Before the apparatus is plunged in a galvanic bath the body has to be rendered a perfect electric conductor. For this purpose the operator either paints the corpse with a solution of nitrate of silver or he puts a powdered preparation of the same on the surface of the skin. The caustic penetrates the surface, and the skin turns an opaque color. Afterward the nitrate of silver has to be reduced or separated from its oxide, but this presents no great difficulty. The double framework is then placed in a reservoir, from which the air is exhausted by a pump, and vapors of white phosphorus dissolved in sulphur of carbon are introduced. This is a dangerous operation, as are all operations in which dissolved phosphorus plays any part. After the phosphoric vapors have reduced the nitrate of silver the corpse becomes a grayish white, and is a perfect facsimile of a plaster of Paris statue. The metallization is then very simple, being effected by a galvanic bath in the usual way.

The French capital is greatly excited over this method of making indestructible mummies. Should it come into favor metallized bodies may soon take the place of wax figures and statuary in museums, galleries and even private residences. Not only can the last expression of the deceased be preserved, but various poses produced, and by deft manipulation the countenance of the corpse changed to express almost any emotion. The body of the warrior may be made to assume a martial attitude. The dead preacher could be electroplated in the act of exhortation. Statesmen and heroes could bequeath their remains to a sorrowing nation, and coated with gold, silver or brass preside in person over their own monuments. In fact there is no end of practical or romantic purposes to which our plated bodies might be put, from the pointing of a moral to the adornment of a tale, and even to the portrayal of some striking episode in national life.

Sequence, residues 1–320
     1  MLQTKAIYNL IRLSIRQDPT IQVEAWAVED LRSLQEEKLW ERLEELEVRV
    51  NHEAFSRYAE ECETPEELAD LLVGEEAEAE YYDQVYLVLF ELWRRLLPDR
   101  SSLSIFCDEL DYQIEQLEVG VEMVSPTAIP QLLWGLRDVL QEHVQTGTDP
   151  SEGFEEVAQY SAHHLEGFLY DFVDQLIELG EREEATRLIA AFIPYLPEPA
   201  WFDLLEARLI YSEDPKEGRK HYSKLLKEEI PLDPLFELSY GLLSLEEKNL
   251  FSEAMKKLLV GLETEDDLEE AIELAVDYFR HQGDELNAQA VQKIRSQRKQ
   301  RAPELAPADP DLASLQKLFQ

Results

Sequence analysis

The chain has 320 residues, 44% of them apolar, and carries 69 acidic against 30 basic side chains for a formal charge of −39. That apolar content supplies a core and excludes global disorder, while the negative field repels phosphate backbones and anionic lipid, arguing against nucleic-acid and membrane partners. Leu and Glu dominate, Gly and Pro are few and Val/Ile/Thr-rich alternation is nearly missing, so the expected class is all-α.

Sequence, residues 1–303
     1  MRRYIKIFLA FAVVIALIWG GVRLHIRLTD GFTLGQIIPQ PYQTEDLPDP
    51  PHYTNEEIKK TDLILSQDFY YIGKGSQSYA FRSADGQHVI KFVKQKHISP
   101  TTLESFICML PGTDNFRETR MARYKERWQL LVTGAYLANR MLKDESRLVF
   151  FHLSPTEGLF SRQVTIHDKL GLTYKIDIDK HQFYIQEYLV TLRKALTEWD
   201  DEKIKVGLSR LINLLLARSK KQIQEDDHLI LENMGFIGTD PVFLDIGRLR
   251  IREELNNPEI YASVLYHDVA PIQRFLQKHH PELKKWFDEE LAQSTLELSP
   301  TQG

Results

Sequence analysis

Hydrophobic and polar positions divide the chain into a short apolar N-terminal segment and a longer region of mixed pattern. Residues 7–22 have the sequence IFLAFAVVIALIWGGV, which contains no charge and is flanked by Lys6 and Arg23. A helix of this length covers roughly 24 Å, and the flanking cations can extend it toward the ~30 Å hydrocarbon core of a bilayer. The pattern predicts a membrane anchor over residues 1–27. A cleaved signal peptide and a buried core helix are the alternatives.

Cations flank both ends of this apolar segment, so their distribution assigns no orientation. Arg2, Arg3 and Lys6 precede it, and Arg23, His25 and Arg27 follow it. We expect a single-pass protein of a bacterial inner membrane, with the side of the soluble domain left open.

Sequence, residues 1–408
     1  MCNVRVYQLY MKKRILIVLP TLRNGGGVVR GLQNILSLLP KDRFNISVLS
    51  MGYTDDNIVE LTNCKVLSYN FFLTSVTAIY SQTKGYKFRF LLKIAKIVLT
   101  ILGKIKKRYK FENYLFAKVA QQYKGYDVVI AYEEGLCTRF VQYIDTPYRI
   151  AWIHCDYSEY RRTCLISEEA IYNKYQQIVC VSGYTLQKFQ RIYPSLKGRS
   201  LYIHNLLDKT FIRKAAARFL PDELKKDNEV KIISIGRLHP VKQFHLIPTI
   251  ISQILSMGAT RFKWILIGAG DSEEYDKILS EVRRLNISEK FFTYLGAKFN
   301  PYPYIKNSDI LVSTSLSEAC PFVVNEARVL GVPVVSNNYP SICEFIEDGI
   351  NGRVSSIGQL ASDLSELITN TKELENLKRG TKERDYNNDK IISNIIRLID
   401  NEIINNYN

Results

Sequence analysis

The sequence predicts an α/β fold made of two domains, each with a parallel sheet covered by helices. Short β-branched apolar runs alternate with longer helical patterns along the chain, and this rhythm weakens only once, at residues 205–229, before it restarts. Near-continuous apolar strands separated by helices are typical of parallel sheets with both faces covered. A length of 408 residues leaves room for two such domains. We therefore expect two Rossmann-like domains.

Posted By: Alex - Fri Jun 04, 2021 - Comments (6)
Category: Death, Nineteenth Century

Mozart’s Handbook of Mesmerism

Mozart practiced the stick-your-thumb-in-their-eye method of mesmerism.

Date unknown (looks like 19th century). Source: Goldberg's Diet Catalog.

Posted By: Alex - Mon May 24, 2021 - Comments (1)
Category: Hypnotism, Mesmerism and Mind Control, Nineteenth Century

Buckeye Beer

The revitalized company still exists today, but no mention of reinstating their "mascots," Buck and Billy.

Read the history here.





Posted By: Paul - Fri May 14, 2021 - Comments (1)
Category: Animals, Human Marvels, Regionalism, Advertising, Corporate Mascots, Icons and Spokesbeings, Nineteenth Century, Twentieth Century, Alcohol

Mystery Gadget 94



A clock. But part of something larger. What?

The answer is here.

Or after the jump.

More in extended >>

Posted By: Paul - Fri May 07, 2021 - Comments (3)
Category: Technology, Nineteenth Century

Electric Chest Weights

Sold by the Electric Exercising Machine Company, circa 1890. It seemed to be like a nineteenth-century version of one of those Tonal machines that are always being advertised on TV, but electrified.

Although I'm curious about how it produced electricity, given that the advertisement claimed it used "no chemicals," that "its electricity is permanent," and that "it has no battery."

My guess is that it contained a dynamo which would have been spun when a user pulled on the cords, producing an electric current.

The Wellesley Prelude - May 10, 1890



Posted By: Alex - Thu May 06, 2021 - Comments (6)
Category: Exercise and Fitness, Advertising, Nineteenth Century

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Alex is the creator and curator of the Museum of Hoaxes. He's also the author of various weird, non-fiction, science-themed books such as Elephants on Acid and Psychedelic Apes.